[TimorLesteStudies] New article: Jacobs, Dov, Puzzling Over Amnesties: Defragmenting the Debate for International Criminal Tribunals

Bu Wilson bu.wilson at anu.edu.au
Thu Mar 18 09:41:28 EST 2010

Jacobs, Dov, Puzzling Over Amnesties: Defragmenting the Debate for  International Criminal Tribunals (March 1, 2010). THE FRAGMENTATION OF  INTERNATIONAL CRIMINAL LAW, T.M.C Asser Press, Forthcoming. Available at  SSRN: http://ssrn.com/abstract=1562088


  Amnesties have been in debate for some time now in international  circles.From an international law perspective, it should be pointed out  something that is sometimes lost in the vast literature on the topic in  international legal discussions: there is virtually no mention of  amnesties in international documents. As we will see, in the dense web  of human rights and international humanitarian law treaties, there is an  explicit mention of amnesties in only one provision: an additional  protocol to the Geneva Conventions relating to non-international armed  conflict. This is mostly true of international criminal law. Even if  some international(ized) tribunals include provisions on amnesties,  justified by a particular local situation, the Statute of the  International Criminal Court makes no mention of them. This leads to the  somewhat peculiar situation that entire theories are constructed on the  place of a concept in a legal order that makes hardly any reference to  that concept in its constitutive documents. Despite this, or maybe  because of this, amnesties have come up in relation to various fields of  international law (human rights, international humanitarian law, and  international criminal law) and in relation to various concepts of  international law (most notably the duty to prosecute). This has created  a risk of fragmentation on the issue that might threaten the unity of  the concept. To take stock of this fragmented situation, we have chosen  not to embark on a general theory on amnesties. Rather, we will try to  answer a simple question: how must international criminal tribunals deal  with amnesties for international crimes? The advantage of such a  specific question is that it will focus the discussion, while still  allowing us to draw a picture of the fragmented debate on amnesties in  international.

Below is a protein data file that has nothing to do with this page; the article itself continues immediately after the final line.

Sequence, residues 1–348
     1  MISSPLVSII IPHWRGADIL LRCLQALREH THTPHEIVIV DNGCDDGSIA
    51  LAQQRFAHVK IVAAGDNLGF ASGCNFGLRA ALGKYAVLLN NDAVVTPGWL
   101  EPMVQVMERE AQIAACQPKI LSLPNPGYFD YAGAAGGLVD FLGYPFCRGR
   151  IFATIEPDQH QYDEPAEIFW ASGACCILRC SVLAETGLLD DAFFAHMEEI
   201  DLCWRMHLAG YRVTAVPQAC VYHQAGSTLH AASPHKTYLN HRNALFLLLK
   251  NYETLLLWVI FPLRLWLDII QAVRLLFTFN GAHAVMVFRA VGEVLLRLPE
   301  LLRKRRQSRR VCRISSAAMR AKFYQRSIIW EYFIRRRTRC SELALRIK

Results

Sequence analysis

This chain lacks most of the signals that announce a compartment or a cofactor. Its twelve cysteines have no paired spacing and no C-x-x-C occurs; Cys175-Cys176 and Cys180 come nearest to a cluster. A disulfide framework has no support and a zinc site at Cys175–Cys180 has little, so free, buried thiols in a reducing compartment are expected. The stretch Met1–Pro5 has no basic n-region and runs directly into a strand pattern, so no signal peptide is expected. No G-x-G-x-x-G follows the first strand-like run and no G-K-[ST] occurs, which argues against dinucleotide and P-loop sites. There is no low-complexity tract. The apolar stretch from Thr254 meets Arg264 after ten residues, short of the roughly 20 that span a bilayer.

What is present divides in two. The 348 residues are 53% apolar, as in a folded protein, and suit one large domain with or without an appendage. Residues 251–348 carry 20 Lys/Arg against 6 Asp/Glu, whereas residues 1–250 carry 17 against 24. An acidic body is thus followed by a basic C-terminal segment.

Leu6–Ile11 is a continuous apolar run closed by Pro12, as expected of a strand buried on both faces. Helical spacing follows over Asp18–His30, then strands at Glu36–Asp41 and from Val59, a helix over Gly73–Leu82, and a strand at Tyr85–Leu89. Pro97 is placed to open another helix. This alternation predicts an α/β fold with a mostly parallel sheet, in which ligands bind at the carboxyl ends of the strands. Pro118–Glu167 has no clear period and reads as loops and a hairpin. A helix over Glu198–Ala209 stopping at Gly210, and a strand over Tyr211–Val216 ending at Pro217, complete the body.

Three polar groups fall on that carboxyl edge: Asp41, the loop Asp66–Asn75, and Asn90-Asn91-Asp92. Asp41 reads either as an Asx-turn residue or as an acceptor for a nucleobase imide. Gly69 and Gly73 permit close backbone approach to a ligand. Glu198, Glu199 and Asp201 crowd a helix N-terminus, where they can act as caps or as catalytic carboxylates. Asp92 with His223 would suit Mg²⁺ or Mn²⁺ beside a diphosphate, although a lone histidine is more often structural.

The paper aims at defragmenting the debate on  amnesties by decomposing the various levels at which it is discussed.  First of all it looks at amnesties as perceived in various areas of  international law, specifically human rights law and international  humanitarian law. It then looks at how different international criminal  tribunals have dealt with the question of amnesties. It then considers  vertical fragmentation (national courts Vs International courts) and  pluridisciplinary fragmentation (perceptions from law, sociology,  philosophy and political science). In a final section, the article  proposes to see what are the relevant aspects of the debate specifically  for international tribunals and suggests that we should move away from  issues of legality to consider issues of recognition, which make the  debate far more easy to solve.  
In conclusion is considered the  broader question of amnesties in the context of the illusory goal of  the unity of the international legal order.  

Bu V.E. Wilson
ARC Centre of Excellence in Policing and Security  CEPS  | Regulatory Institutions Network  RegNet  | The Australian National University | Canberra ACT 0200 | AUSTRALIA | Mob: 0407 087 086
http://ceps.anu.edu.au | http://regnet.anu.edu.au

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